I was doing about 40 mph, the view of water-filled potholes coming into view.
I slowed my Ford Ranger pickup, trying to find the best path to navigate through the bumpy minefield. In a second or two, I was past it, accelerating again toward 40 mph.
Such was my drive Saturday on Catfish Lake Road. Yes, that Catfish Lake Road, the site earlier this month of the deaths of two Camp Lejeune Marines in a car crash.
Skyler D. Way and Nicholas S. Buscarnera were both only 19 years old. Their car left the dirt and gravel road and flipped into the roadside canal. Both drowned before they could escape the car.
I eventually came to the spot on the road where the two young men had lost their lives, the location marked by a simple white cross. I stopped my truck and got out, examining the area.
The road didn’t look particularly rough in the area of the crash, but no one will ever know what really happened.
All it takes is one pothole to throw a car off line. The driver jerks the wheel back in an attempt to get the car straight and under control but instead overcorrects, sending the car sliding through the gravel and dirt. Once sideways, there’s nothing to stop it, except for that canal or maybe a tree. Neither scenario is good.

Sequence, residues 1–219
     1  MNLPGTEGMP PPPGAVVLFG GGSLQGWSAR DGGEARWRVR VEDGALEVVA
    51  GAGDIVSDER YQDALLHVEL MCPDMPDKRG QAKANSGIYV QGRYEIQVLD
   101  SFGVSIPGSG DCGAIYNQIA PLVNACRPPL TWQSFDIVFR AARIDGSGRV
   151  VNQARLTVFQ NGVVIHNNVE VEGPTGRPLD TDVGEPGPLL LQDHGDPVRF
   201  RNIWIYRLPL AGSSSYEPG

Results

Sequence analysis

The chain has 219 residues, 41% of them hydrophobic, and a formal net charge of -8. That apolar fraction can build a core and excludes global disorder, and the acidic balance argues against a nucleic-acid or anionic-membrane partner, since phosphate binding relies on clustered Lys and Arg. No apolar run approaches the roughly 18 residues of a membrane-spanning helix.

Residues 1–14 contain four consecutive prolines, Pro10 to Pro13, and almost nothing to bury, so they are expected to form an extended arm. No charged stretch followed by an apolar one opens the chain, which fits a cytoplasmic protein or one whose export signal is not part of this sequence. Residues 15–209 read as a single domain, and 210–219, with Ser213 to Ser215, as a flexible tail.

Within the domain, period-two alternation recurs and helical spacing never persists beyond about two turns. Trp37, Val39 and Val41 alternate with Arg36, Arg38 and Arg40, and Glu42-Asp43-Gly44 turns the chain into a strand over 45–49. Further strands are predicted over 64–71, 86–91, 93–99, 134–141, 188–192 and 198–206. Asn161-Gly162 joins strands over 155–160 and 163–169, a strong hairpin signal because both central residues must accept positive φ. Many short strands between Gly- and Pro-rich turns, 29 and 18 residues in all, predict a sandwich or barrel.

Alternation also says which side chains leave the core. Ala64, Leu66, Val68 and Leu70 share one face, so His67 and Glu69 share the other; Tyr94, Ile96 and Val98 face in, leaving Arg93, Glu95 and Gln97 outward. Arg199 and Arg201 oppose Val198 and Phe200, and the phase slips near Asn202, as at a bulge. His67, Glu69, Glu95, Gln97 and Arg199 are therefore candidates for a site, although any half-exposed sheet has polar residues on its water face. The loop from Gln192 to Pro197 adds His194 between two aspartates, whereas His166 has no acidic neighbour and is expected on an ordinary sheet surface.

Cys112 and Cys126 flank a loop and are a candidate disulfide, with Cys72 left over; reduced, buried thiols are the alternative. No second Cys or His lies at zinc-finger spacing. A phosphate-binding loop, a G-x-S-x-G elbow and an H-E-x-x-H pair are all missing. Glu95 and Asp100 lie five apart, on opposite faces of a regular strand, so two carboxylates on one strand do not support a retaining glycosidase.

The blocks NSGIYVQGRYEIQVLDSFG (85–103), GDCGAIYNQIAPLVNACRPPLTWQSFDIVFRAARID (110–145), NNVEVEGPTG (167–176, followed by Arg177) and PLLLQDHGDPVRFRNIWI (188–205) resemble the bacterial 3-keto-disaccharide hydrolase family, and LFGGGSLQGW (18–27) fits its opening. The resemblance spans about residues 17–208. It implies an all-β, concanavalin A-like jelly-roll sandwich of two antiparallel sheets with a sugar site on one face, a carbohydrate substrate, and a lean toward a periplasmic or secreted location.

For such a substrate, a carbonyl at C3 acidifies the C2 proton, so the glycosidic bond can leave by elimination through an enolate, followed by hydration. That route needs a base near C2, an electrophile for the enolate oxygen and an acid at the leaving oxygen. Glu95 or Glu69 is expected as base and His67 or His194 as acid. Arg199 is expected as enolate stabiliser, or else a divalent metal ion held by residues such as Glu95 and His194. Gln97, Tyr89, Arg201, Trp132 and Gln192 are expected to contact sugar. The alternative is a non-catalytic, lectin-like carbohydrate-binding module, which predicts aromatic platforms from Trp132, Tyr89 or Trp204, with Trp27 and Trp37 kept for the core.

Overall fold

I tried to see how deep the water was in the area of the crash, but not wanting to slip down the embankment into the water on the cold 40-degree day, I thought better of it.
Still, I felt uncomfortable at the spot, the site where two men died. I know I was there to do a job — to take a picture to illustrate a story about the road. The Department of Transportation has no plans to pave the road or change it. They may look at speed limit signs.
We all know how well speed limit signs work on U.S. 70. I would guess they would be equally as effective on Catfish Lake Road.
I said a little prayer, asking God to look after the two men and their families, and then went to work, taking the photo that appears on today’s front page. I got back in my truck and headed for home.
I understand the purpose of Catfish Lake Road. It’s there to allow access for recreational activities in the Croatan National Forest. It’s not supposed to be the high-speed shortcut between Havelock and Jacksonville that it has become for some.
Of course, others may not be able to resist the temptation to joyride on the road, taking advantage of the dirt and gravel to spin their tires and have some fun.
Maybe in my younger days, I would have done the same thing. Now at 48, I’m probably a bit too old for such play — or maybe just a bit wiser, with the memory of a lone white cross next to a deep-water canal alongside the dirt road still fresh in my mind.
Ken Buday is the editor and general manager of the Havelock News. He can be reached at 444-1999 or at firstname.lastname@example.org.